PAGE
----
Detection of Crab Nebula shows viability of innovative gamma-ray telescope
Scientists in the Cherenkov Telescope Array (CTA) consortium have detected gamma rays from the Crab Nebula using a prototype Schwarzschild-Couder Telescope (pSCT), proving the viability of the novel telescope design for use in gamma-ray astrophysics. The results were announced June 1 at the 236th meeting of the American Astronomical Society (AAS).
"For fifty years, the optical design of gamma-ray telescopes has been essentially unchanged. With this detection, we have verified a new, more sophisticated optical design that not only gives enormously better optical performance, but enables the camera to take full advantage of modern developments in light sensors and high-speed electronics," said David Williams, a researcher in the Santa Cruz Institute for Particle Physics (SCIPP) and adjunct professor of physics at UC Santa Cruz.
Williams is a co-principal investigator on the grant from the National Science Foundation that supported construction of the telescope. His group at UCSC, including several undergraduate students, tested light sensors to select the best model to use in the telescope camera and to calibrate the performance of the sensors purchased for the camera.
The Crab Nebula is the brightest steady source of very-high-energy gamma rays in the sky, so detecting it is an excellent way of proving the pSCT technology. "Very-high-energy gamma rays are the highest energy photons in the universe and can unveil the physics of extreme objects including black holes and possibly dark matter," said Justin Vandenbroucke of the University of Wisconsin.
Detecting the Crab Nebula with the pSCT is more than just proof-positive for the telescope itself. It lays the groundwork for the future of gamma-ray astrophysics. "We've established this new technology, which will measure gamma-rays with extraordinary precision, enabling future discoveries," said Vandenbroucke. "Gamma-ray astronomy is already at the heart of the new multi-messenger astrophysics, and the SCT technology will make it an even more important player."
The use of secondary mirrors in gamma-ray telescopes is a leap forward in innovation for the relatively young field of very-high-energy gamma-ray astronomy, which has moved rapidly to the forefront of astrophysics. "Just over three decades ago, TeV gamma rays were first detected in the universe, from the Crab Nebula, on the same mountain where the pSCT sits today," said Vandenbroucke. "That was a real breakthrough, opening a cosmic window with light that is a trillion times more energetic than we can see with our eyes. Today, we're using two mirror surfaces instead of one, and state-of-the-art sensors and electronics to study these gamma rays with exquisite resolution."
The initial pSCT Crab Nebula detection was made possible by leveraging key simultaneous observations with the co-located VERITAS (Very Energetic Radiation Imaging Telescope Array System) observatory. "We have successfully evolved the way gamma-ray astronomy has been done during the past 50 years, enabling studies to be performed in much less time," said VERITAS Director Wystan Benbow. "Several future programs will particularly benefit, including surveys of the gamma-ray sky, studies of large objects like supernova remnants, and searches for multi-messenger counterparts to astrophysical neutrinos and gravitational wave events."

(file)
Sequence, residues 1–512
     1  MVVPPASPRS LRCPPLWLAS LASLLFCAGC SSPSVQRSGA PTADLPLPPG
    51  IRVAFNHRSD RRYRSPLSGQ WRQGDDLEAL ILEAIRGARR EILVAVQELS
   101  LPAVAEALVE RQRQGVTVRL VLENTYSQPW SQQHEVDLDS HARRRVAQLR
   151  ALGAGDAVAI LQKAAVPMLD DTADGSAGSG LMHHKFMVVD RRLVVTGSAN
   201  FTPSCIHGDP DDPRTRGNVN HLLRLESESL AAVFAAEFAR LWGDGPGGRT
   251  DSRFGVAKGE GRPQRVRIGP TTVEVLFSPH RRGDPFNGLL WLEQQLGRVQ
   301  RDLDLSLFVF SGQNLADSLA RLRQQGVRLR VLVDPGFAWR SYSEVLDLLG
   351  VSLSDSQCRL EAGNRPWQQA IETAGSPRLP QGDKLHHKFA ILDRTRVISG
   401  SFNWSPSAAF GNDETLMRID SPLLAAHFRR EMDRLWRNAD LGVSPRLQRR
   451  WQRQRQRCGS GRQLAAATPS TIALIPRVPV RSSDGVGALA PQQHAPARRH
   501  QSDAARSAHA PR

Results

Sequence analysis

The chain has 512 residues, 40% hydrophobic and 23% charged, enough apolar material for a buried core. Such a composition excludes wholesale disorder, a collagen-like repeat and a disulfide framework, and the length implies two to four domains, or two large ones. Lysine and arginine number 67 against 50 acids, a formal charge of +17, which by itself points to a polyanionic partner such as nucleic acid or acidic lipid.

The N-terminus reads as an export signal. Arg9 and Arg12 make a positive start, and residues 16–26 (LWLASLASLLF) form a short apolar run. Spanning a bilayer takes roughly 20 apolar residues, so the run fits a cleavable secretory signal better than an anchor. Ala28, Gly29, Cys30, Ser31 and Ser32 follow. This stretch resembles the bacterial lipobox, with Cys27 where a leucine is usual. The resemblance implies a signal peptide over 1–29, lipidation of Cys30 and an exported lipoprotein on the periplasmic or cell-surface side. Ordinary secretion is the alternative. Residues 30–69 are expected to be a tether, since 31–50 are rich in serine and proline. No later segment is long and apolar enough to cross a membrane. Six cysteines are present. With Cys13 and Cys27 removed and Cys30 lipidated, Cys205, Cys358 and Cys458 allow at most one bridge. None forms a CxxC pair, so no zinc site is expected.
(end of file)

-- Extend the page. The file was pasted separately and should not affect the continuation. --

Located at the Fred Lawrence Whipple Observatory in Amado, Arizona—the largest field site of the Center for Astrophysics | Harvard & Smithsonian—the pSCT was inaugurated in January 2019 and saw first light the same week. After a year of commissioning work, scientists began observing the Crab Nebula in January 2020, but the project has been underway for more than a decade.
"We first proposed the idea of applying this optical system to TeV gamma-ray astronomy nearly 15 years ago, and my colleagues and I built a team in the US and internationally to prove that this technology could work," said pSCT principal investigator Vladimir Vassiliev. "What was once a theoretical limit to this technology is now well within our grasp, and continued improvements to the technology and the electronics will further increase our capability to detect gamma rays at resolutions and rates we once only ever dreamed of."
The pSCT was made possible by the contributions of thirty institutions and five critical industry partners across the United States, Italy, Germany, Japan, and Mexico, and by funding through the U.S National Science Foundation Major Research Instrumentation Program.
"That a prototype of a future facility can yield such a tantalizing result promises great things from the full capability, and exemplifies NSF's interest in creating new possibilities that can enable a project to attract wide-spread support," said NSF program manager Nigel Sharp.
Now demonstrated, the pSCT's current and upcoming innovations will lay the groundwork for use in the future Cherenkov Telescope Array observatory, which will host more than 100 gamma-ray telescopes. "The pSCT, and its innovations, are pathfinding for the future CTA, which will detect gamma-ray sources at around 100 times faster than VERITAS, which is the current state of the art," said Benbow. "We have demonstrated that this new technology for gamma-ray astronomy unequivocally works. The promise is there for this groundbreaking new observatory, and it opens a tremendous amount of discovery potential."